The holiday season is here, and it can be especially difficult for those who have recently experienced a breakup, or experiencing their first holiday season without their partner. Here are 5 key points to help a broken heart through the holidays.
- Plan – Have a plan for what you will be doing on Christmas Eve, Christmas, New Year’s Eve, and New Year’s Day. Even if the plans do not seem to be the ideal place you want to be, it may be helpful to be around those you feel supported by. More often than not, I hear clients explain their hesitation to use their support system during time of need because of fear of being a burden. While this is an understandable feeling, I ask clients to think of the last time their friends or family really needed their emotional support. Go ahead and think of the last time someone you really cared for reached out to you when they were feeling low. Now, what would it be like for you if that never happened? If your friend or family member didn’t want to burden you with their challenges? Common responses are, “well, I guess I would be fine either way” or “that would really suck! I would want to be there for them.” If you answered similarly, then I would say use your support system! Being around people you are the most comfortable with during the holidays may be helpful for you.
- Allow for some wallowing – Try your best to find a balance of wallowing. Remember, you are grieving no matter how long your relationship was. Cut yourself some slack, and allow for some expression of that sadness daily. It may even be helpful to set a timer for this wallowing. Clients have expressed that allowing themselves to cry in the shower, and “get it all out” has been helpful. They find “letting it out” in their own space, allows them to keep their composure longer during their day. Crying in the shower may not be for you, but finding your outlet may be helpful especially if you are around those who are finding joy during the holidays
- Self-care – It may be easy to overlook your mental, physical, and spiritual health around the holidays and during a breakup. Try to put this higher up in your priorities. You are processing a lot during this time, and getting yourself to be as balanced as you can be at this time is beneficial. Again, remember cut yourself some slack. Don’t expect yourself to be exactly who you were pre breakup. Physical exercise may look different now. For example, it may be taking your dog out for a walk for 20 min, or doing some yoga stretches in your living room. Take baby steps and be patient with yourself. It also may be helpful to practice 10 minutes of self-care as preparation before attending a holiday event.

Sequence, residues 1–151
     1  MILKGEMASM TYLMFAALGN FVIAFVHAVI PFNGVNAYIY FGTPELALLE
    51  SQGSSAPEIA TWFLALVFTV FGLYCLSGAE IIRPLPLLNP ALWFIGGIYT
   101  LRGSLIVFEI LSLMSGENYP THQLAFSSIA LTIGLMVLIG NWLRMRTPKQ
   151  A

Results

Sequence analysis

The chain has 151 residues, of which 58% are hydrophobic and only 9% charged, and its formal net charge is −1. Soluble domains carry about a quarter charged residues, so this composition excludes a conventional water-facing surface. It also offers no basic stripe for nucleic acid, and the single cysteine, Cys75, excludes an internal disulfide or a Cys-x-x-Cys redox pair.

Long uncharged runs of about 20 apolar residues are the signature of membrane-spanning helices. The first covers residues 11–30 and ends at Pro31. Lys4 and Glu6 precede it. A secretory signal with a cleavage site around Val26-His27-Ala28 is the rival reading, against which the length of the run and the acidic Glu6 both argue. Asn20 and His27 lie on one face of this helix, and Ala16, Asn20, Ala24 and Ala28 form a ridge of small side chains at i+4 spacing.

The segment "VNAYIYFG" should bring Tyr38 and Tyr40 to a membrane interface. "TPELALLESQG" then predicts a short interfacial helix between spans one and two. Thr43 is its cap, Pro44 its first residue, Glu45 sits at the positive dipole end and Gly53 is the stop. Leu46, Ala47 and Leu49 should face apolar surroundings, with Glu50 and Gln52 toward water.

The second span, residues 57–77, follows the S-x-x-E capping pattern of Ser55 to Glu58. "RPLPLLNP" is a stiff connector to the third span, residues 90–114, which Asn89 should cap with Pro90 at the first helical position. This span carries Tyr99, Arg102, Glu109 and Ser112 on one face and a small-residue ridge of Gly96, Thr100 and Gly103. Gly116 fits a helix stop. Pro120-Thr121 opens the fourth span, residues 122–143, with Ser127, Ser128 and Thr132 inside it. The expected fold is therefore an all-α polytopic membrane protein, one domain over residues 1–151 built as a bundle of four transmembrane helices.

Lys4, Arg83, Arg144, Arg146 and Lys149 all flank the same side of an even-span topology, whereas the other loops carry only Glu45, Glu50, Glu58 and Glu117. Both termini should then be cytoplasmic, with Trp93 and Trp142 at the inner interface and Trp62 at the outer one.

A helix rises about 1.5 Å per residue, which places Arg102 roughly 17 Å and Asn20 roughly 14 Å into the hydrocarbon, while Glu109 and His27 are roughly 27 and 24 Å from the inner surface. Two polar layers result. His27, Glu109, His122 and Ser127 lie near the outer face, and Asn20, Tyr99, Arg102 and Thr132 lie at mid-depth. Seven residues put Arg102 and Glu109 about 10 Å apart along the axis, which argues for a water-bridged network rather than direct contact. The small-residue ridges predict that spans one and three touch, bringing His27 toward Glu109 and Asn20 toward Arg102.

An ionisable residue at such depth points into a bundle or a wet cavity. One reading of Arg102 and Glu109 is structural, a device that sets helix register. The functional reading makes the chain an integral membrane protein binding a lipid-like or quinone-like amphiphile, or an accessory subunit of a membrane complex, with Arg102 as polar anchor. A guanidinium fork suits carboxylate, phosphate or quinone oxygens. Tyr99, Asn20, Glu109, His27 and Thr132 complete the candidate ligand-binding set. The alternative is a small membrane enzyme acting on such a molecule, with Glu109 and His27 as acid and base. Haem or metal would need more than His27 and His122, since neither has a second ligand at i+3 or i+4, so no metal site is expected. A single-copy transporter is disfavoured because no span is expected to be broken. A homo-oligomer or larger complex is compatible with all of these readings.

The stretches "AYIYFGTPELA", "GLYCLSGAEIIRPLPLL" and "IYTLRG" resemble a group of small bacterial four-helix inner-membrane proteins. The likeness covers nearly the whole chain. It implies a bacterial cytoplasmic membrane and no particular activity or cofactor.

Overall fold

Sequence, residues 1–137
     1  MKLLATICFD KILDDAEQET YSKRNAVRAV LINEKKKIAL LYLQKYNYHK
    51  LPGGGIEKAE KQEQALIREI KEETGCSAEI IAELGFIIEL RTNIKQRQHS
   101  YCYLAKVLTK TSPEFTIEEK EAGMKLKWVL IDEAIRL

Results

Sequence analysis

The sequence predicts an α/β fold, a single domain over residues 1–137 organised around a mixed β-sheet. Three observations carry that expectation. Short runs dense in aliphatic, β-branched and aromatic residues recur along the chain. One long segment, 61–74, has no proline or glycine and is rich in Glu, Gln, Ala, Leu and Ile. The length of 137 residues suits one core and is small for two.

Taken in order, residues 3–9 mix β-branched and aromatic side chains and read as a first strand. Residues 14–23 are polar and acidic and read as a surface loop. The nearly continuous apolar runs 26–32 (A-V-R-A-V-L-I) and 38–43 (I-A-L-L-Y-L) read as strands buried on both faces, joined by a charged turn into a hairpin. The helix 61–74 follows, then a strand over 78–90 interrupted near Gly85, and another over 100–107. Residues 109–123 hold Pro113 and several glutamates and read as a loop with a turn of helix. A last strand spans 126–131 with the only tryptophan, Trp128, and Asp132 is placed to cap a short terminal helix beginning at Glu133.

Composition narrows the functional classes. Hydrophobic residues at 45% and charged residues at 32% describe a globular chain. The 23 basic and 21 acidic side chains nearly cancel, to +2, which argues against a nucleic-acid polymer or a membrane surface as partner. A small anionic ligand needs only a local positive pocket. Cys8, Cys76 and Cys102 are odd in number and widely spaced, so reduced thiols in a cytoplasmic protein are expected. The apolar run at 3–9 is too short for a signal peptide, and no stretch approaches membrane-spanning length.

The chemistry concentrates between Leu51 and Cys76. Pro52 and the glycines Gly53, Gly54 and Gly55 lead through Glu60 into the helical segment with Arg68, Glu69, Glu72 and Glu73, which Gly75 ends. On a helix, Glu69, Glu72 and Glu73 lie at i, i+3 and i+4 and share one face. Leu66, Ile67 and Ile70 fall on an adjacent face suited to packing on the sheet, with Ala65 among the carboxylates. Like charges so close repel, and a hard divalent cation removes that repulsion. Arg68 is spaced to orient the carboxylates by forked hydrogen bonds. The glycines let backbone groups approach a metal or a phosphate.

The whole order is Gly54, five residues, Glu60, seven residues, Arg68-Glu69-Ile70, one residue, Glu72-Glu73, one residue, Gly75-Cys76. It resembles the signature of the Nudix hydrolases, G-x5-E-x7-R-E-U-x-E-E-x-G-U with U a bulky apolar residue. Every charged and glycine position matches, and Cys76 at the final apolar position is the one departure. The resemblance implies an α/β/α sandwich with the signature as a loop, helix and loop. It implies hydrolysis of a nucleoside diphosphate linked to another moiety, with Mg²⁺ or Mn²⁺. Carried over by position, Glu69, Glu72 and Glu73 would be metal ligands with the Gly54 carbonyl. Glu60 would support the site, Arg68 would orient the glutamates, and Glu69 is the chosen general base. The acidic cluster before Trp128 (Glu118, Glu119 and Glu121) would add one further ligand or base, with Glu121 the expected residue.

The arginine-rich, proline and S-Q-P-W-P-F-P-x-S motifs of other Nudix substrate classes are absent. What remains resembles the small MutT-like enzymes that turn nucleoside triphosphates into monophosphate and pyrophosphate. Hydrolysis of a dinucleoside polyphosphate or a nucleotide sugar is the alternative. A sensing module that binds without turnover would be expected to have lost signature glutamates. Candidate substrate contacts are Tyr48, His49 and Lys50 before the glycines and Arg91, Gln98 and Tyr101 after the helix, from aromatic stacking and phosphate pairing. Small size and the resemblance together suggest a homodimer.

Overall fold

- Gratitude – Try to keep some focus on the positive experiences during your day. One way to do this is by keeping a gratitude journal. Clients I have worked with have expressed how much they value the time they spend before bed, jotting at least one thing they were grateful for during the day. The purpose of this exercise is not to ignore the pain experienced after a breakup, but to help move the blinders and see other things that you are still experiencing daily apart from the grief.
- Be prepared – Holidays usually involve social events that may bring you around a wide range of people. You never really know where the conversation with people may lead, there is a possibility you will get asked why your relationship ended. Don’t feel pressured to give details to others. Sometimes this may be a way others around you show that they care; others just may want to know what happened. Either way, you don’t want to be blindsided by this question. Preparing and rehearsing a quick general response may help you to feel less overwhelmed if asked.
Breakups are challenging and the way we experience a breakup is unique to us. With that said, I hope this post helps you to create your own guide to manage the pain associated with a breakup during the holiday season. Be patient and gentle with yourself during this process. Remember to use your resources around you, whether it be family, friends, or even therapy.